Two UCLA professors, Utpal Banerjee and Andrea Bertozzi, were elected to the National Academy of Sciences today in recognition of their “distinguished and continuing achievements in original research.”Membership in the academy is one of the highest honors that a U.S. scientist can receive. Its members have included Albert Einstein, Robert Oppenheimer, Thomas Edison, Orville Wright and Alexander Graham Bell. The academy announced the election of 84 new members and 21 foreign associates.Banerjee is the Irving and Jean Stone Endowed Professor of Life Sciences and a distinguished professor in the departme...
Source: UCLA Newsroom: Health Sciences - May 2, 2018 Category: Universities & Medical Training Source Type: news

Scientists identify 2 hormones that burn fat faster, prevent and reverse diabetes in mice
FINDINGSUCLA geneticists have created a technique to hunt for hormones that influence how organs and tissues communicate with each other. The method enabled them to find naturally occurring molecules that play major roles in Type 2 diabetes, obesity and cardiovascular disease.In particular, they discovered:Two hormones called “notum” and “lipocalin-5” that speed up the body’s ability to burn fat.Lipocalin-5 protected mice from developing diabetes — or cured the disease after they developed it.Lipocalin-5 also enhanced muscle tissue ’s ability to metabolize and absorb dietary nutrie...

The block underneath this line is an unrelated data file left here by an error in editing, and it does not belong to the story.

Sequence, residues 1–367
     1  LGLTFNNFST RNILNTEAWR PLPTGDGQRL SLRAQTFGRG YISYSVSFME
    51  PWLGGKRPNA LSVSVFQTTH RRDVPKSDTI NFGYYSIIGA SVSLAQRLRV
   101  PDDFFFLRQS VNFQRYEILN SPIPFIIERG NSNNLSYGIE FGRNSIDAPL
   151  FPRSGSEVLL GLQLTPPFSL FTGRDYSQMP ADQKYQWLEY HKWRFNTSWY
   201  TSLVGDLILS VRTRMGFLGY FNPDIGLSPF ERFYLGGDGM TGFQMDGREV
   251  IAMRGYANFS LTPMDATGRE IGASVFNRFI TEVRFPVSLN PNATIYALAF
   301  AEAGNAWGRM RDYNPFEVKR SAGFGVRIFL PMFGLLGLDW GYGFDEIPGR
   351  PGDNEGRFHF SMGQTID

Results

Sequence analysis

Source: UCLA Newsroom: Health Sciences - May 1, 2018 Category: Universities & Medical Training Source Type: news

3 Wishes Project brings dignity to dying patients